Cerebus Effect - Acts Of Deception

Year of Release: 2005
Label: independent
Catalog Number: n/a
Format: CD
Total Time: 53:34:00

This is one of four reviews in a series, beginning with Shrouded Unity - Crossing The Line - ed.]

Closing out Maryland-week - reviews of 4 bands from my home state - is Cerebus Effect. Acts Of Deception has been a challenging album to write up because it's been a very challenging listen. There's no pop, AOR or Neo here - this is industrial-strength, hard-core jazzy art-rock.

This may be an odd way to describe music, but let your imagination run for a moment: Once upon a time Magma invited King Crimson to play a backyard gig. Crimson agreed - but only if they could invite some guest artists to join them on stage. They played aggressively and the gig included an early King Crimson lineup, Dream Theater stood at stage-left, Djam Karet was on stage right, and National Health came on stage after about every 4-or-so songs. And in the audience, Sleepytime Gorilla Museum showed their approval by nodding in time to the music - with their heads bobbing at some of the oddest meters they'd heard. Can you imagine the sound you'd hear from that gig? No? Well describing Cerebus Effect's sound on these pages is like trying describing color to the blind, but I hope you get the idea. This is hard-fusion meets jamming jazz meets RIO meets progressive art rock. It's all played on classic-sounding instruments that you'll rarely hear played this way - they must be literally smoking after each performance.

Unlike their two previous pure fusion EPs, Acts of Deception is harder-edged, more technical and orchestrated, it is longer than them both put together, and this one has vocals. There are tightly composed passages, there are jazzy jam sessions, it is enormously complex, and there's a lot of controlled chaos; and it's performed by musicians who pull it all off with the panache of a quartet of angry geniuses.

Acts of Deception is primarily instrumental, with keyboardist Dan Britton contributing vocals to just two tracks. Note that I didn't say "singing." "Identity Crisis" has Britton doing a sort of hard-rock takeoff of a Gilbert and Sullivan style - it's a fast-paced chattering in a gruff voice, breaking into a strong melodic higher pitch from time to time.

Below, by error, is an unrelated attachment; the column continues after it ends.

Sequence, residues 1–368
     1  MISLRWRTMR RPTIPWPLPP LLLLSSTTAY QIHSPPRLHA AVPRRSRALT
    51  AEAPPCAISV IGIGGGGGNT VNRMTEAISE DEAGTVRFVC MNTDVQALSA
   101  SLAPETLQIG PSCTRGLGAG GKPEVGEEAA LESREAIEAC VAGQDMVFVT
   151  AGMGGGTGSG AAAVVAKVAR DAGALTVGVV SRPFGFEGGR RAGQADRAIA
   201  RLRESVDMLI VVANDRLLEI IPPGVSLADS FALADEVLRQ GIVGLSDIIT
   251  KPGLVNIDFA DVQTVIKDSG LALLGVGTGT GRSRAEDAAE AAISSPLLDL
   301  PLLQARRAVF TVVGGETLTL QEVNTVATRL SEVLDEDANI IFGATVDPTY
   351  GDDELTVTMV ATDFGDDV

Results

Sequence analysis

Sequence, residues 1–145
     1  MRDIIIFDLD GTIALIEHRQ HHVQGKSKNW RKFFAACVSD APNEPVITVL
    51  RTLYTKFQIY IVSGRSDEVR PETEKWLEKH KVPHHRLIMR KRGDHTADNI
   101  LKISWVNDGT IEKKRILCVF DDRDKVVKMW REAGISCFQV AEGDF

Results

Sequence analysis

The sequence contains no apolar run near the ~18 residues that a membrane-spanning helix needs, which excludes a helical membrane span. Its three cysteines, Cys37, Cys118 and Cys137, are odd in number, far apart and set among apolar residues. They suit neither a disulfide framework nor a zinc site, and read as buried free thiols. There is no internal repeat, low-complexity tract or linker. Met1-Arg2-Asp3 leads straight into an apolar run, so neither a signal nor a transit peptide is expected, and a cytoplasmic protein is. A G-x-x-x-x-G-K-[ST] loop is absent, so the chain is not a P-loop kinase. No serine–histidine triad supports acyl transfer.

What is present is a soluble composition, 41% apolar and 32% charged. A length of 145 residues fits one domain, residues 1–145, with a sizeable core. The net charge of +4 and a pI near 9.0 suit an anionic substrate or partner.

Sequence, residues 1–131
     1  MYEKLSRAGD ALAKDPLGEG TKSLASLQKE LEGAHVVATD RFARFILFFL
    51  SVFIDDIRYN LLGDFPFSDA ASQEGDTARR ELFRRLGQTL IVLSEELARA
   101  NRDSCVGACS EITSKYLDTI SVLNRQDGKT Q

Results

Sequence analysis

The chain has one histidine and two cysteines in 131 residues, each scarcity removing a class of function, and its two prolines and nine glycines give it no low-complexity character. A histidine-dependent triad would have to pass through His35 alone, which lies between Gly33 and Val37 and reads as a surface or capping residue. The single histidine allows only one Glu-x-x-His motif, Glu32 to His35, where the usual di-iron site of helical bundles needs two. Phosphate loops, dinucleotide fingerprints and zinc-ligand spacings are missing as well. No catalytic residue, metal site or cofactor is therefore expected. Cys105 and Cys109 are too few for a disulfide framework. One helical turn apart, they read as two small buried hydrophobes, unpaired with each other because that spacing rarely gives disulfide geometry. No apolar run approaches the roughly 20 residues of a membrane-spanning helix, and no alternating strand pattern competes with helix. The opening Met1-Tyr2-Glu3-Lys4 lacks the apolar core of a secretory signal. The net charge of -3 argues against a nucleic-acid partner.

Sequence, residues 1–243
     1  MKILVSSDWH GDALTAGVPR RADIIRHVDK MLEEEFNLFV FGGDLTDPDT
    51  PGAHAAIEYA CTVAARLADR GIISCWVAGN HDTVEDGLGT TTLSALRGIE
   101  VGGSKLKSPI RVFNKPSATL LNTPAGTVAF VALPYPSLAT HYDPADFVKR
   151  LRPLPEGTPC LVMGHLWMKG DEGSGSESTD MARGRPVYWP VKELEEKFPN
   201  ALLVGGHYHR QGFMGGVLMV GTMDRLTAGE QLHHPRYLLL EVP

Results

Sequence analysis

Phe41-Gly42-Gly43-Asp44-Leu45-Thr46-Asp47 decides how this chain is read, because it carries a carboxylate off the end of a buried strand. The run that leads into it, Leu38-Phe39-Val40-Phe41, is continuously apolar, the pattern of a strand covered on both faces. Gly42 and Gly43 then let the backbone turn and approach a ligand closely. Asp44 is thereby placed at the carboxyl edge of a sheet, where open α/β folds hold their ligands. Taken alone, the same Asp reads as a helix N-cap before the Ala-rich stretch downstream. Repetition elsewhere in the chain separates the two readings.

The standout track is the 11 minute "Operation Midnight Climax" - a progressive epic that runs through shifts and changes so quickly and smoothly you'll have difficulty keeping up. It is a heavy piece that features an acoustic guitar solo, tons of '70s-styled electric piano, and those unusual vocals again with some lyrics in a foreign language that sounds east European. A masterful piano section at the end plays against a strong but simple riff and yields the floor to the mournful wails of a Mellotron. Very impressive.

Thankfully, there are 2 laid back, more elegant tracks to give you time to catch your breath, and I felt there were a few tracks that were aimless jam sessions whose sole purpose was to showcase the band's collective musicianship.

In 11 tracks these guys pack more into 53 minutes than many prog outfits do in a lifetime. You'll probably have to spin this one again and again to "get it." But you'll probably want to spin it again and again.

<< Previous

Y (7:19) / Identity Crisis (5:09) / Dark at the End of the Tunnel (1:25) / Illusions (3:34) / Of Mortal Constraints (3:02) / Operation Midnight Climax (11:22) / Nine Against Ten (6:38) / Neutrino Flux (2:50) / Fine Lines Between Science & Art (2:58) / Unconsoled (3:04) / W (6:10)

Joseph Walker - electric guitar
Patrick Gaffney - drums; electronics
Dan Britton - keyboards; acoustic guitar; vocals
Mike Galway - bass

Dark Matter (2002)
Live At Orion(2002)
Acts Of Deception (2005)

Genre: Progressive Rock

Origin US

Added: January 29th 2006
Reviewer: Duncan N Glenday
Artist website: www.cerebuseffect.com
Hits: 1826
Language: english


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